I’ve been thinking a lot lately about the cult/culture of elitism.

The entire premise of elitism is hierarchy.

Those who are “elite” are presumed to be better than those that are not. Those who aren’t “elite” often feel “less than” their counterparts.

An Ivy League degree makes you more elite.

A larger bank account makes you more elite.

A more successful career makes you more elite.

In my high school, college, and early career years, I very much bought into this belief system.

Over the last 15 years, I’ve systematically moved away from this culture.

I’ve had too many mentors that never finished high school or college.

I’ve worked with too many people who graduated from so-called “no name” state universities that were phenomenal CEOs, bosses, and colleagues.

I’ve had many friends whose incomes are near the poverty line whose company and friendship I’ve very much enjoyed.

I’ve found the elitism culture far too limiting.

If you’re successful within the culture, you overlook the opportunities to connect with, learn from, and befriend people who don’t fit the traditional “elite” criteria.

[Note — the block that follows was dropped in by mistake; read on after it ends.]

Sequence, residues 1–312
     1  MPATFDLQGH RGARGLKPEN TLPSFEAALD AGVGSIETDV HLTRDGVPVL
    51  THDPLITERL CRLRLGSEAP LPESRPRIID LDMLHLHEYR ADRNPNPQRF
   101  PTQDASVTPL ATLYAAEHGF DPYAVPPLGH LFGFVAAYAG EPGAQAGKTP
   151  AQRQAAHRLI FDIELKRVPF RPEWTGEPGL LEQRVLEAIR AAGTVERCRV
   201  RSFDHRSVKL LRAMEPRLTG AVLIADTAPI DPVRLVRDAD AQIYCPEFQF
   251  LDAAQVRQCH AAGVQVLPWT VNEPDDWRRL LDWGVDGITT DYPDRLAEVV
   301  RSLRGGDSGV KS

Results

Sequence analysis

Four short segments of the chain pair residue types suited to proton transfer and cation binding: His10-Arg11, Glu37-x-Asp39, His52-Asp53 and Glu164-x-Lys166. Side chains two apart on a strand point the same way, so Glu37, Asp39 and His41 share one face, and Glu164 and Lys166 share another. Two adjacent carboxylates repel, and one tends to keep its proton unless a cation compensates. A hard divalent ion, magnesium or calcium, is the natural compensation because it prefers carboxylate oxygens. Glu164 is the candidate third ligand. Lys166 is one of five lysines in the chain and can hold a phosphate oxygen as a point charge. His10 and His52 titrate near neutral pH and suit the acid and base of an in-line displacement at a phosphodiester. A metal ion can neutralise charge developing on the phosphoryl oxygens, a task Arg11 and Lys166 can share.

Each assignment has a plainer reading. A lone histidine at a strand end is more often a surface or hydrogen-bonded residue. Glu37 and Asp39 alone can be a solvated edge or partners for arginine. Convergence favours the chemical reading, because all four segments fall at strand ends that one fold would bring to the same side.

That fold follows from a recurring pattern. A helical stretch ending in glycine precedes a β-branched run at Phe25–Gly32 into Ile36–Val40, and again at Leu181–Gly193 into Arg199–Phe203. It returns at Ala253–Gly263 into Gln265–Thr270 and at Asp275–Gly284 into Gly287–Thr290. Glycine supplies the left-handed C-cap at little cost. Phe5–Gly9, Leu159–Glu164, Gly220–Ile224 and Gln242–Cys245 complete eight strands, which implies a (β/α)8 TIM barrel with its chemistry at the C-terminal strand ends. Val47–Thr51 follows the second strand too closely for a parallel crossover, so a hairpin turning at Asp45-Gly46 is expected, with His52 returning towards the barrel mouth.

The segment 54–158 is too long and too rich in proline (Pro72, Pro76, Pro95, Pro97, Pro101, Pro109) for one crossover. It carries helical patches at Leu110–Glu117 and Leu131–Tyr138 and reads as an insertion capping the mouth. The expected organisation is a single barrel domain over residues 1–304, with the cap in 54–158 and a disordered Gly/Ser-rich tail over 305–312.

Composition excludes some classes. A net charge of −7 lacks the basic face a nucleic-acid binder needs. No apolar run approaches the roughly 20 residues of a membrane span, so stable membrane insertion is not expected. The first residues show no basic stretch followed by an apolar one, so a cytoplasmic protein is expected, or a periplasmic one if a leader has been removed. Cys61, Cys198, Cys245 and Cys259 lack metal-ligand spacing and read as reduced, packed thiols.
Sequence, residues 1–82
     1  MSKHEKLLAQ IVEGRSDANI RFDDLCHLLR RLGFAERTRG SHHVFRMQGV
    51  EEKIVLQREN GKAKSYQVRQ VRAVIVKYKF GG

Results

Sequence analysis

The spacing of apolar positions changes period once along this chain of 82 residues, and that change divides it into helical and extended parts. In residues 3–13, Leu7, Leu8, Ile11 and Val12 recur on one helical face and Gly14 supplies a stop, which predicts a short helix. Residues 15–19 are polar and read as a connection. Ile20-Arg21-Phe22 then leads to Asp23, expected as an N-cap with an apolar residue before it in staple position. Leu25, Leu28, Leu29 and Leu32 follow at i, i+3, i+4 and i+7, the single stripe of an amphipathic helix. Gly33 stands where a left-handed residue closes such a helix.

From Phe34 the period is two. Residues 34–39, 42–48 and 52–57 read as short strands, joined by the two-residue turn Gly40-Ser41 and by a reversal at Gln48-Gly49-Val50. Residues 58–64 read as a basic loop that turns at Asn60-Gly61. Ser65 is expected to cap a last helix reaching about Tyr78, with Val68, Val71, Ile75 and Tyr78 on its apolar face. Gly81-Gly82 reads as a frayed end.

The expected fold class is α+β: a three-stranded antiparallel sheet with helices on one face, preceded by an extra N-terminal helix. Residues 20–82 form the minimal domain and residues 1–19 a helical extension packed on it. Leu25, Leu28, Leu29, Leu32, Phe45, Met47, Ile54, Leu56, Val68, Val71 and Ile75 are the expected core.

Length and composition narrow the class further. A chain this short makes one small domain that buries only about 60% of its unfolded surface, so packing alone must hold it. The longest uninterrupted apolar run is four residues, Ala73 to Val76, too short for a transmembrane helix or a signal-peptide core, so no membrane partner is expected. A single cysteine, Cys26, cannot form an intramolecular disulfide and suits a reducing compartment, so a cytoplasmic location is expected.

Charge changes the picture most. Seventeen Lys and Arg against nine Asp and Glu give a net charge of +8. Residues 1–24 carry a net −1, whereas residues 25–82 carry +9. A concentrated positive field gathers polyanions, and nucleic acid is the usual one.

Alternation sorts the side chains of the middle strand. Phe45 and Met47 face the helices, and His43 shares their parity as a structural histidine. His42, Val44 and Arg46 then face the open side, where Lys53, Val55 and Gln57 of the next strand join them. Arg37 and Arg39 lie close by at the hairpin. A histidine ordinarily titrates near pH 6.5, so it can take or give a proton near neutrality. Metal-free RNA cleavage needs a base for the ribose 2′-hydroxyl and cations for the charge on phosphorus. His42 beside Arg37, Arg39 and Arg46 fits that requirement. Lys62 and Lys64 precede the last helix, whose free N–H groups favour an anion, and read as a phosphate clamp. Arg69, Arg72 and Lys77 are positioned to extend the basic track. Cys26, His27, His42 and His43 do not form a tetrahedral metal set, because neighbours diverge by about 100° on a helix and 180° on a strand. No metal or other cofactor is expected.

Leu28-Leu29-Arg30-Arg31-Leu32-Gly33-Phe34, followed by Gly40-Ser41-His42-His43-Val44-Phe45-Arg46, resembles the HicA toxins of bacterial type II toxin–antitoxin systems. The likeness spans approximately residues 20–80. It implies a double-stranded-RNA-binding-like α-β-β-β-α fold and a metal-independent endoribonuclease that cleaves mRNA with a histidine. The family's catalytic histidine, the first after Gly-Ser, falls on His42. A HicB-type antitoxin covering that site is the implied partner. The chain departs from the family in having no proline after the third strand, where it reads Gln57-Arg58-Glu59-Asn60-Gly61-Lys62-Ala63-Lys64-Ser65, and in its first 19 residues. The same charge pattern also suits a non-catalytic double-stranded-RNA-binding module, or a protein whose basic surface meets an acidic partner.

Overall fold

If you aren’t elite but desire to be, be careful to avoid undervaluing your inherent worth as a person and the worth of others around you.

Sure, there’s value and benefit to being successful. However, in my view, the value it brings is not nearly as all-encompassing as many make it out to be.

In place of seeing people through the lens of elitism, I now prefer to see people as individuals.

Instead of judging people by their resume, bank statement, or the size of their home, I prefer to judge people by their values, character, and behaviors.

I like associating with people who are respectful, kind, and authentic with me.

I prefer to avoid interacting with people who are disrespectful, cruel, and pretend to be someone they are not.

These attributes tend to be independent of wealth, success, and status.

I’m not advocating that you see the world as I do. However, I am advocating that you examine and consciously choose the lens by which you see the people around you.

If you don’t pick the culture you want to live by, the culture you happen to be most familiar with will pick itself for you.


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